Joanna Schroeder says that just because these people did something unethical doesn’t mean you should abandon your ethics, too.
Nobody likes a cheater. Not even cheaters like cheaters, when it comes down to it (unless they’re sleeping with the cheater). And very few people want to be cheating. It’s a character flaw, a weakness, sometimes even an addiction.
That’s probably why so many chuckled last month when a hacker group threatened to leak the names, payment history, and even profiles (including sexual proclivities) of people who had accounts on notorious cheating website Ashley Madison.
Well, apparently it’s happened.
A data dump, 9.7 gigabytes in size, was posted on Tuesday to the dark web using an Onion address accessible only through the Tor browser. The files appear to include account details and log-ins for some 32 million users of the social networking site, touted as the premier site for married individuals seeking partners for affairs. Seven years worth of credit card and other payment transaction details are also part of the dump, going back to 2007.
It’s easy to be mad at people who cheat, particularly at men (who make up the vast majority of their users), and for many people, “they got what they deserved” is a hard to resist saying.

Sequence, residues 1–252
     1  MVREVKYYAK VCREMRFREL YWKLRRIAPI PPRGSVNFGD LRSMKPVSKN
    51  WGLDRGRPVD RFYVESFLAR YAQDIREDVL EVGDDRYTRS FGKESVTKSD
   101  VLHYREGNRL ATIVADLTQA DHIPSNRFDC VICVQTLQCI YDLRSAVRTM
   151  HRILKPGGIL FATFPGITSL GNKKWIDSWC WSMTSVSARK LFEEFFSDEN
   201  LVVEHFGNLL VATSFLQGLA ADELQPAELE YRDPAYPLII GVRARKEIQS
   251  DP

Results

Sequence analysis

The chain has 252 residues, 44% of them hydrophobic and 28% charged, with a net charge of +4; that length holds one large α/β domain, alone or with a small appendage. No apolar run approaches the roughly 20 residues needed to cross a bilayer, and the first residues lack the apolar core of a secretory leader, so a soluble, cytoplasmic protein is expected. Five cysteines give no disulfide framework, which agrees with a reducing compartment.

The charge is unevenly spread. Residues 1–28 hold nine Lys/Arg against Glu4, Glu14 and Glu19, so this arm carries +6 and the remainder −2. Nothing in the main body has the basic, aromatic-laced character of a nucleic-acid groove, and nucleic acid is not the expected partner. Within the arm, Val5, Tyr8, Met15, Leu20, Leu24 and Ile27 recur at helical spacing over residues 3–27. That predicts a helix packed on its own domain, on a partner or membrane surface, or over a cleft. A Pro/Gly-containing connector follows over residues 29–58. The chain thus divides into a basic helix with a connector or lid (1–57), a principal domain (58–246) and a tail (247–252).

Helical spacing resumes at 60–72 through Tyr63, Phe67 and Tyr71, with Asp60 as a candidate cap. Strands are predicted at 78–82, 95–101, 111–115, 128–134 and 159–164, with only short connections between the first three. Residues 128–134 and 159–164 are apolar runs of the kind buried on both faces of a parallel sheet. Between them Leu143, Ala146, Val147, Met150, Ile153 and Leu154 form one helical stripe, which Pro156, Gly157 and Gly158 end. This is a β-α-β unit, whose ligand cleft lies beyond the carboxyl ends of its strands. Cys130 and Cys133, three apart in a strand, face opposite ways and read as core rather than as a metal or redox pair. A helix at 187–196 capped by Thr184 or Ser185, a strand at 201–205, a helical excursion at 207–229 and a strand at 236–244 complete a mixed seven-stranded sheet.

But before we go peering into the data (when it hits mainstream outlets), it’s important we consider a few things first.
1. Two wrongs don’t make a right, and violating people’s privacy is wrong.
This was an illegal hack of people’s personal information. It wasn’t meant for your eyes or mine, and that means we shouldn’t look. Personally, I believe in the fundamental principles of consent: Only yes means yes, even when it comes to private info and photos.
The fact that these people were probably doing something wrong doesn’t impact my ethical decision-making. My ethics about privacy and consent stand, regardless of how guilty the Ashley Madison users might be.
2. Not all of the people on this list cheated.
Some may have gone to see what the deal was, how the program worked. Maybe they considered cheating, maybe they were just curious. Maybe they wanted to check to see if their own spouse was cheating, so they made an account. Regardless, there is no guarantee that all of these people actually cheated or intended to.
Does a person who considered cheating deserve to be piled in with people who actually did cheat? Do they deserve to be publicly shamed, even if they chose to do what was right in the end?
How do you know which are which? Is it worth the risk?
3. Do you want to be a part of a blackmail scheme?
This was blackmail. The hackers asked for Ashley Madison to be removed from the web, or the private info would be released.
Regardless of whether you think Ashley Madison should exist, are you the type that endorses blackmail?
If not, you simply cannot endorse this hacking.
4. Consider the spouses and children of the people on the list.
Yes, it’s the (possible) cheater’s fault that he or she signed up for this service, so the sadness and hurt is ultimately on the cheater’s shoulders. But how much are you willing to participate in this public shaming, knowing that the person’s kids and partner will most likely be harmed, too?